DENİZLİ - The "Homo erectus" fossil found by miners at a marble quarry in Denizli in 2002 has been delivered to the Denizli Museum after examinations at Pamukkale University and the Foundation for Preserving Geological Heritage in Ankara.
Mehmet Cihat Alçiçek, assistant professor at the Geological Engineering Faculty at Pamukkale University, made the preliminary examination on Homo erectus, which means upright man in Latin, and the fossil was sent to Ankara to the Foundation for Preserving Geological Heritage. There, Mehmet Özkul, Şevken Şen, and Michael Schultz examined the fossil for six years and determined it to be 500,000 years old.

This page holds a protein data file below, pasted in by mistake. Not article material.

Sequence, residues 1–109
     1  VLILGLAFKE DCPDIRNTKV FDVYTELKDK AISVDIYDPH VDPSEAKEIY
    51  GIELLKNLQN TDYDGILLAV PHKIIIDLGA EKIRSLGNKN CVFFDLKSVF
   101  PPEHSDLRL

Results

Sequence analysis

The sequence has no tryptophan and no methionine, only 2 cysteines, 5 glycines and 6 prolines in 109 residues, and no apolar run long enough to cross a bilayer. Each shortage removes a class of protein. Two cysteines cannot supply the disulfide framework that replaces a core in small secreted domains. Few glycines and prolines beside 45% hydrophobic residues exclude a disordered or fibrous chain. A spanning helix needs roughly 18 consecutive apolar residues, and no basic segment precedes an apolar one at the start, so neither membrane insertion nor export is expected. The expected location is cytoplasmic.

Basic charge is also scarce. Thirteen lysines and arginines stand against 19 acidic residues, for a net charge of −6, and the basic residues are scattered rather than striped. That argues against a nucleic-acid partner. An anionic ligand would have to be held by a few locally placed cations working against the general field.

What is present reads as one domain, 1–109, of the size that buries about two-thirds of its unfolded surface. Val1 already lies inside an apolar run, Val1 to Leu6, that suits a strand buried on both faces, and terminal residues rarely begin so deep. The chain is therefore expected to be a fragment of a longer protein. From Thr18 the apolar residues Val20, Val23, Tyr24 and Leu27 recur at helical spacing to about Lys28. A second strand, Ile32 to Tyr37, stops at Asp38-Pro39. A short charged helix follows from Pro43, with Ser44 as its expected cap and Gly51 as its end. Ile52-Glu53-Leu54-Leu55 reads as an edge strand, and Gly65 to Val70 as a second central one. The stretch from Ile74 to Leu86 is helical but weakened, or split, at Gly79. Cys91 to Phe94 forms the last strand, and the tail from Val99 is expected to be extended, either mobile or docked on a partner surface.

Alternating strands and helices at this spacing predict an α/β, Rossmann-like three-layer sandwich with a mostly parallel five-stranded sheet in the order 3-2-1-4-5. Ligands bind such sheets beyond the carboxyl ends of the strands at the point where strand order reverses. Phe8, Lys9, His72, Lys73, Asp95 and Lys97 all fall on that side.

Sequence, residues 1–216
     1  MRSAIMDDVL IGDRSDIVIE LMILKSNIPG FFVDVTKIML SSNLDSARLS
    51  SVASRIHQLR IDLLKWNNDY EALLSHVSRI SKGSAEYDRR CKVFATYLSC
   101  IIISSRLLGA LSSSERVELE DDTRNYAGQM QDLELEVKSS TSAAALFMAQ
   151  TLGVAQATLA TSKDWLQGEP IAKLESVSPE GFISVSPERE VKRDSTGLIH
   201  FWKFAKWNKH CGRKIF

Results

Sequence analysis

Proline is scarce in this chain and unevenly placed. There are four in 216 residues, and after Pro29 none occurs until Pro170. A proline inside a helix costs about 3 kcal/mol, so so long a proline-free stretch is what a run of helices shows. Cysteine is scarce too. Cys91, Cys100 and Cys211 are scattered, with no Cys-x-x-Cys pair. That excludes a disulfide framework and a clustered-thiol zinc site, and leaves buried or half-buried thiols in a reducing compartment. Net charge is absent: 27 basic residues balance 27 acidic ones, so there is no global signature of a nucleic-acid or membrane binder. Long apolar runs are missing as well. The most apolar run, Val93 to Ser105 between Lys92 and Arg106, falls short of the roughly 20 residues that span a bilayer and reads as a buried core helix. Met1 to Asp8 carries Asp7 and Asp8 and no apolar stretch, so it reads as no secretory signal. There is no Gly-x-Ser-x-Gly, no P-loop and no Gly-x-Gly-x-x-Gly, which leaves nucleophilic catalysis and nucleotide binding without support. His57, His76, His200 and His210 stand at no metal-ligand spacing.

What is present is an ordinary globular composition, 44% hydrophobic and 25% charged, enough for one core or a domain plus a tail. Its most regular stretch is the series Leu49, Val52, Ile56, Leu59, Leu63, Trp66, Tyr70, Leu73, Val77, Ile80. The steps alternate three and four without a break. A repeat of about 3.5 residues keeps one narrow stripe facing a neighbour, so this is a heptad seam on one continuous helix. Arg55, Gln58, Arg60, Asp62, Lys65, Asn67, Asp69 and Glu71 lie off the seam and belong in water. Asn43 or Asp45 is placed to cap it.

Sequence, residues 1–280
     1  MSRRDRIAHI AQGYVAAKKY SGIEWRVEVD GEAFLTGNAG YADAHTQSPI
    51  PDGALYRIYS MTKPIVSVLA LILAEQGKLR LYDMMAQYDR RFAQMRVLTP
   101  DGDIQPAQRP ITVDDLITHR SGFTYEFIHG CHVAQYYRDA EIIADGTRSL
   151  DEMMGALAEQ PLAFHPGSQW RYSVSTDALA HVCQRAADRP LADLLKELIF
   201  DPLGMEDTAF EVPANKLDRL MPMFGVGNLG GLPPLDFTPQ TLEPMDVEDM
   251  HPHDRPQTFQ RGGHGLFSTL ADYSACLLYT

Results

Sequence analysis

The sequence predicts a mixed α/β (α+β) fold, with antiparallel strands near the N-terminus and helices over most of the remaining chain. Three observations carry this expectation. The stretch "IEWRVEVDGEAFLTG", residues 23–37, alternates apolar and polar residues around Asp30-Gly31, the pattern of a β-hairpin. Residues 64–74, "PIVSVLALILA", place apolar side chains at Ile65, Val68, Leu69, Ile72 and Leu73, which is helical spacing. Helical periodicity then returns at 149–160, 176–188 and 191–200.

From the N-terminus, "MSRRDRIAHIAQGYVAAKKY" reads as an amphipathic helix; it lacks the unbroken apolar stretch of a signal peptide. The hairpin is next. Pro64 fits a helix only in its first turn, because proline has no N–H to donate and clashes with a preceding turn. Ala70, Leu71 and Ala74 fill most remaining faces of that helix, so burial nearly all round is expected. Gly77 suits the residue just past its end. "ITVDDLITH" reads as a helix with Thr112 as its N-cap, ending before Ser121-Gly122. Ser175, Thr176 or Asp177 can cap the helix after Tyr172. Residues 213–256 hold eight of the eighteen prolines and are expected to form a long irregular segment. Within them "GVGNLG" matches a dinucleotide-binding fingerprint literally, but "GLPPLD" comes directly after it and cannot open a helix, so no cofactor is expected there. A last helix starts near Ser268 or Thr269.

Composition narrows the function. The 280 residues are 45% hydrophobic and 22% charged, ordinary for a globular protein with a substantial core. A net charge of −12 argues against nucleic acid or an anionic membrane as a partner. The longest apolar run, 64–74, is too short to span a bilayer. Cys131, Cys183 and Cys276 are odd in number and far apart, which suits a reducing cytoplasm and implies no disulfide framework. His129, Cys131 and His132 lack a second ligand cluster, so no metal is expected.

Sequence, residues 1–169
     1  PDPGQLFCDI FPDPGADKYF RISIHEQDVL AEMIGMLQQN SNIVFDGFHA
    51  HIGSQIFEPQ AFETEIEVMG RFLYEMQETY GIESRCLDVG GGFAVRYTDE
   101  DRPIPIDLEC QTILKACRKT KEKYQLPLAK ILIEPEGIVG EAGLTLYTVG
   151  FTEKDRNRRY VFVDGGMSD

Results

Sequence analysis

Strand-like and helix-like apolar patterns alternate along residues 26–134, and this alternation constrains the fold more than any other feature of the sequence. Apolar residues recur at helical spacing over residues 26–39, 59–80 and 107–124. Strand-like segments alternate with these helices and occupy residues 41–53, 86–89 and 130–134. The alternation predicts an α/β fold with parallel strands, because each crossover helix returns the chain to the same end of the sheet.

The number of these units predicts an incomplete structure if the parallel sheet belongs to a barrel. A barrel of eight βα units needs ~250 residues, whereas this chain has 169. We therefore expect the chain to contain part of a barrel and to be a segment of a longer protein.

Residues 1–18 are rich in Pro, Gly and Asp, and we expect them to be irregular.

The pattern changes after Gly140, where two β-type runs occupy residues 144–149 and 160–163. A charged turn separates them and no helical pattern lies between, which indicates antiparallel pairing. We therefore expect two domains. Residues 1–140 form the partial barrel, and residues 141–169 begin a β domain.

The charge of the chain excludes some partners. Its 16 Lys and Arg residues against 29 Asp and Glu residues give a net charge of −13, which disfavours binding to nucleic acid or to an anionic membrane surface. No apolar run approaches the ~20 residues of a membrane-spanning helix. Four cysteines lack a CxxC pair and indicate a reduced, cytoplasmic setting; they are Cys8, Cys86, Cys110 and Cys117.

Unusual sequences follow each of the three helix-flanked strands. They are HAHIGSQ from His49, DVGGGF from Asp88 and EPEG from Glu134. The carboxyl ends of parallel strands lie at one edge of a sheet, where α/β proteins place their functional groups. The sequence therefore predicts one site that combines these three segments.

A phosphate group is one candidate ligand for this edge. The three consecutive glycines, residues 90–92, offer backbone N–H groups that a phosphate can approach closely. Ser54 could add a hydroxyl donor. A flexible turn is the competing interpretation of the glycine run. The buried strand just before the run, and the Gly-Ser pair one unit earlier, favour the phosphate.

The fossil was of a 20- to 40-year-old dark-skinned man with tuberculosis. Not only was it the first Homo erectus to be found in Turkey, but it is the oldest case of tuberculosis and has therefore aided medical history.
"The 500,000 years old skull fossil is expected to provide hints to the science world on the first humans’ migration and spreading on earth. The fossil agrees with the thesis of mankind originating from Africa," Mehmet Cihat Alçiçek said.
He said the fossil also showed a lack of vitamin D. "It is determined that people who had moved North from the Ecuador had less vitamin D in their bodies due to their skin color; therefore, being more likely to catch diseases like tuberculosis," said Alçiçek, also explaining that the fossil proved that tuberculosis is as old as mankind.